Many forward-thinking financial organisations have started adopting Software-as-a-Service (SaaS) to capitalise on innovation, accelerate entry to new markets and offer services which disrupt the businesses of existing banks.
As SaaS has gained momentum, it has also gained the attention of global regulators with a growing demand for risk management and business continuity planning. A new study from IDC Financial Insights, Cloud Computing and Regulation in Banking, predicts that cloud computing in banking will transform the industry in a few years, as regulators update policies to address technology partners.
In the UK, the Financial Conduct Authority (FCA) requires third-party service providers that drive “critical” business operations to be categorized as outsource service provider (OSP). This holds technology providers accountable for how their technology impacts a financial institution’s operational risk.
The FCA has specified that banks have to “provide reasonable assurance” that every outsourced service provider “will deliver its services effectively, resiliently and securely” and have “appropriate arrangements” to enable “on-going oversight” of its OSPs. The FCA emphasises the importance of exit plans that enable financial institutions to transition to an alternate service provider and recover data safely and securely.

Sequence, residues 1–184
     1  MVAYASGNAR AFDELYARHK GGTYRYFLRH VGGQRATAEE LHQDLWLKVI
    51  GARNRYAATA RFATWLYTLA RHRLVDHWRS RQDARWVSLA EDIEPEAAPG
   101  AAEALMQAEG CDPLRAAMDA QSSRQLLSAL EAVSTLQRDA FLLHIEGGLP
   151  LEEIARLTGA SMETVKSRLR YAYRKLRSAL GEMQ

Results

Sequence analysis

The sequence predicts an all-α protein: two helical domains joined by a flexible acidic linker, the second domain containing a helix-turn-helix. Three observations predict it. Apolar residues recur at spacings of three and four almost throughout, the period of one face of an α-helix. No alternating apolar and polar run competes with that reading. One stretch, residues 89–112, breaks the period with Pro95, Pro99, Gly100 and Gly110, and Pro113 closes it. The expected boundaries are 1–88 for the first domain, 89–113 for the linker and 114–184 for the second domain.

Technology providers like Mambu must, therefore, develop their products with the highest level of security and business continuity in mind. This means understanding when a public cloud-hosted solution can be used to provide speed and scalability and when additional regulatory requirements require various form of data access and to be able to provide this in a secure, cost-effective way. In all cases, an effective exit arrangement is essential to ensure strong commercial security.
This can be achieved through an independent, third party provider of assurance solutions, such as NCC Group, whose SaaS Assured service combines software escrow with business continuity for risks mitigation. Partnerships, such as this, allows “critical” technology providers to save a copy of the software code and ensure service continuity for a pre-determined period in the event of a disaster: a strong balance of leveraging the innovation possible in the cloud with a reliable Plan B to ensure business continuity.
“For Europe as a whole, so long as banks and their technology partners can point out exactly where their data is being stored, and so long as they engage with the regulators from the start of any project, they may expect a positive response from regulators,”
Cloud technology and SaaS provide financial services organizations the opportunity to bring banking services to the 21st century, offer customers better experience, more product choice and address markets underserved by the large incumbents.
Regulators have rightly recognized the critical role that technology providers play to support key business processes.
In turn, technology providers need to ensure consistent and reliable delivery of these services that financial institutions depend on to reinforce trust and extend the potential for future innovation and growth.